Provide a History of Your Pain
Fifth, I want the history of your problem / pain. Was your pain caused by an injury or did it have a gradual onset with no known cause? How long have you been dealing with the pain? How much worse is it now than when it started? Or is it better? It goes along with the previous section, but who have you seen for your pain (orthopedists, neurologists, chiros, PT, massage, acupuncture, etc, etc)? I’m always interested in what they have told you, but I do not need to see thick reports or treatment records. Have you had any imaging done and if so, what were you told?
How Do I Decide Whether I Think I Can Help You or Not?
How do I make my decision? I’ve been a chiropractor for three decades. I’ve been doing specialized fascia work for the last two of those. If you follow my site you know that I stay current (or at least as current as a person can with the ocean of information out there) on the latest peer-review in the fields of body work, fascia, chronic pain, and a whole host of other topics in the realm of functional medicine.
My decision to treat you or not treat you is not made frivolously or taken lightly. It’s based on lots of experience with similar patients and similar situations. That’s right. Unfortunately there are way too many is the same boat you are.
My “Pain Relief” Pledge to You in Three Parts
Thirty years in practice has made it possible for me to make you a pledge — a pledge that I stand by fully. If you come to see me for one of our 6:30 am Tuesday or Thursday morning appointments…..
- First, you will always be treated with respect and dignity in my clinic. I will never tell you that the pain is in your head, or that I completely understand what you are going through, or that I know exactly what it will take to make you better. I’ve seen a lot of patients in various stages of physical, mental and emotional collapse over the years, and while past experience helps me in many ways, your experience is your own and unique to you. I will give you my best.
- Secondly, I am not here to “sell” you something. No gimmicks. No sales pitches. And no trying to up-sell you on ????? once you are here. This is not to say that I won’t send you out of here with some LIGAPLEX and a DAKOTA TRACTION DEVICE. But as far as “selling” you on anything, including return visits, I won’t do it. As to the question of whether or not you should return in the future for more treatment, only you can really answer than question (see next bullet point). Some do, some don’t.
- The third part of my pledge is equally simple. Long-distance patients will know after one treatment whether or not my approach will be helpful, or if I am full of hot air (or something else). Nope; I am not suggesting that I can completely solve your pain in a single visit (ALTHOUGH THAT HAPPENS WITH LOTS OF OUR PATIENTS). What I am saying is that you will know if it is helpful. A week or ten days after treatment; if you have to ask yourself if it was helpful, it probably wasn’t. And if it was not helpful the first time, more of the same is not likely to be helpful either.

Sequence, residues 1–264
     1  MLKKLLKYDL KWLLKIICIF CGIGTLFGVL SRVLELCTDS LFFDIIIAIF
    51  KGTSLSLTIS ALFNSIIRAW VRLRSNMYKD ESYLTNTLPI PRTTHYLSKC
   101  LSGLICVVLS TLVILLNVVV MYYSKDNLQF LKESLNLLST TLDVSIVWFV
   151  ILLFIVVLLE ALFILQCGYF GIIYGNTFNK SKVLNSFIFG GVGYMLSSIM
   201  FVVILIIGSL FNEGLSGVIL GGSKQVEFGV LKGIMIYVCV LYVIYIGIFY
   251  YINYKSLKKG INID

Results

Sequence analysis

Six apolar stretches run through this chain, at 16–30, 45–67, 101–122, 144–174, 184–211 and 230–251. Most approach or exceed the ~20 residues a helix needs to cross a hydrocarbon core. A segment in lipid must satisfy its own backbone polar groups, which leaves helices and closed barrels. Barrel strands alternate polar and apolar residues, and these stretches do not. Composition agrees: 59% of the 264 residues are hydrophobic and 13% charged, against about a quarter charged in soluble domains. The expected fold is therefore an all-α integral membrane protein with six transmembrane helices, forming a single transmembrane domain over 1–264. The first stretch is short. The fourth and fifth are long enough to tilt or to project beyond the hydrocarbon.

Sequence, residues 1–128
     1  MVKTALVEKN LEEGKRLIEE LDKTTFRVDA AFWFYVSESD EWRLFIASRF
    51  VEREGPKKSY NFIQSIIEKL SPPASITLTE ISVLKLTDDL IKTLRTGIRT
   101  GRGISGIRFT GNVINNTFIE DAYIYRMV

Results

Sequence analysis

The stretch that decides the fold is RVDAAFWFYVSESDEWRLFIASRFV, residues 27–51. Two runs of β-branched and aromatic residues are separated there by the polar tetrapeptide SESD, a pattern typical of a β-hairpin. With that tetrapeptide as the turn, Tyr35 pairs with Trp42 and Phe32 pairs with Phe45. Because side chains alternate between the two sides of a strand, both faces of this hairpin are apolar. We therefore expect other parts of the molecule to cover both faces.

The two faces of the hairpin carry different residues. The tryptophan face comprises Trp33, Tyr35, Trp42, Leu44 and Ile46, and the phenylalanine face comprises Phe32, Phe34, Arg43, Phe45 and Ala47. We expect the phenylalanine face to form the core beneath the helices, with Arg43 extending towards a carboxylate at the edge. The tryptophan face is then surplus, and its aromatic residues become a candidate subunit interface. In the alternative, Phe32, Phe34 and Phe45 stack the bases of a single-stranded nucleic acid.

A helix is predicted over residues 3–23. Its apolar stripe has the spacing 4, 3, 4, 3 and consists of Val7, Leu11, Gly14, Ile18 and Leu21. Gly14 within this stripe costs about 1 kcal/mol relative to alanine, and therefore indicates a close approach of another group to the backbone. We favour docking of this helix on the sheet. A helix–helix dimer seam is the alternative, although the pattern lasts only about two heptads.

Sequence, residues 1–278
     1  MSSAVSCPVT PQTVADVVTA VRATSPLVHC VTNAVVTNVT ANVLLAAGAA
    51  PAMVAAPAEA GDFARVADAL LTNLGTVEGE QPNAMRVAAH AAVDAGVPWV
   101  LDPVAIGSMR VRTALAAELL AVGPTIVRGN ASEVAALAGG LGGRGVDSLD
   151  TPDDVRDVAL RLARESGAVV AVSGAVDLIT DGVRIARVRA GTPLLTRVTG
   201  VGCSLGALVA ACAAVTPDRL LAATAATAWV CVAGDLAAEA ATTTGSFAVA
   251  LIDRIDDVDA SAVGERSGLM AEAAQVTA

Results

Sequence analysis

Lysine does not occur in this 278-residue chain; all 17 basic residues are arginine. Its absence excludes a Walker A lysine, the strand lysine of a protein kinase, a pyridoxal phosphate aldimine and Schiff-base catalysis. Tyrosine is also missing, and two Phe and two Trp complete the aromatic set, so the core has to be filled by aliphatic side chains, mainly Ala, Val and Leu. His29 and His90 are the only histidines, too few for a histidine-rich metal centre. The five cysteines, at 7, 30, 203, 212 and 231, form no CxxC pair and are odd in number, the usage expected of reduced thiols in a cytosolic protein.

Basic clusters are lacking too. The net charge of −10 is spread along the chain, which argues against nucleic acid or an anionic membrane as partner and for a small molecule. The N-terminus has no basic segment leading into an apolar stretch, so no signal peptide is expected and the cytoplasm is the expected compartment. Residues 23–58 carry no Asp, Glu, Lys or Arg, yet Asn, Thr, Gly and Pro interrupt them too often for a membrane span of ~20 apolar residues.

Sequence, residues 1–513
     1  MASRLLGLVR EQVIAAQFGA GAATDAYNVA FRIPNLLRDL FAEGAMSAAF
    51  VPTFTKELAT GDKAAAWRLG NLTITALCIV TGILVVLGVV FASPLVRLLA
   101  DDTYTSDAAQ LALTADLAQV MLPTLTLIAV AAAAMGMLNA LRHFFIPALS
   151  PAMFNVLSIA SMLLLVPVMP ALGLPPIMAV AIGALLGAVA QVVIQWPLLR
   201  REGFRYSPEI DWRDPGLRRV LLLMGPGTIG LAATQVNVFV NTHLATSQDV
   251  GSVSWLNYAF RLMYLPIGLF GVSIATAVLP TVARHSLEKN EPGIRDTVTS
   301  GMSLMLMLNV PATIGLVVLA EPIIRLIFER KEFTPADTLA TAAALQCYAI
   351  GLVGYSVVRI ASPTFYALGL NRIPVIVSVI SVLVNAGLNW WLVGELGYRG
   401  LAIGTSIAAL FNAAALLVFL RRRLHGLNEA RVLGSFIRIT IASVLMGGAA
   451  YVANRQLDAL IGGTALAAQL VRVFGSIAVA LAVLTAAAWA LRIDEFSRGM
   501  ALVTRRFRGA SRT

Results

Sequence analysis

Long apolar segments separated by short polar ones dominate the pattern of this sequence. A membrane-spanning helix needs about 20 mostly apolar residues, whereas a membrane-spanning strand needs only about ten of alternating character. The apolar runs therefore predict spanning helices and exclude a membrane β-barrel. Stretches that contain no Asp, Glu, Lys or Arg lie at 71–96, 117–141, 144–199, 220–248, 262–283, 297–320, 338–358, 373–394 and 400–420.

What About Long-distance Patients Whose Pain I Don’t Help?
Yep; it happens. Despite everything some people don’t see any results. Many of those people have fascial adhesions by the bushel but don’t get much if any relief of their pain from my approach. What does this mean? It could mean, in certain instances, that THEIR PROBLEM HAS CENTRALIZED (I rarely take on patients that I believe this to be the case, ALTHOUGH IN SOME CASES IT MAY BE WORTH A TRY).
It could also mean that yes, their pain is likely being caused by fascial adhesions, but said adhesions are TOO DEEP FOR ME TO GET AT. It may mean that there are other things going on that I do not completely understand or even see.
That aside, I know of no one else telling prospective long-distance patients that they will know after a treatment whether or not my approach will successfully address their problem (I am talking about truly chronic, NON-DISC-RELATED problems here that I think I can help).
Turning a Contact Form Into a Case History
Again, please realize that even though I enjoy going through histories such as the one I got from Misty just yesterday, and showing you what goes through my mind by “thinking out loud,” I can not answer them all specifically or in detail.
Pay attention to how my thoughts of being able to help Misty go from ‘no way‘ to ‘maybe‘ after getting her actual contact form in my inbox. Here is Misty’s first email to me….
Please contact me regarding starting process for out-of-state patient evaluation. I have suffered for years with migraines, trigeminal and occipital neuralgia, fibromyalgia, chronic pain. The spiral downwards began after a severe car accident 20+ yrs ago. Thanks!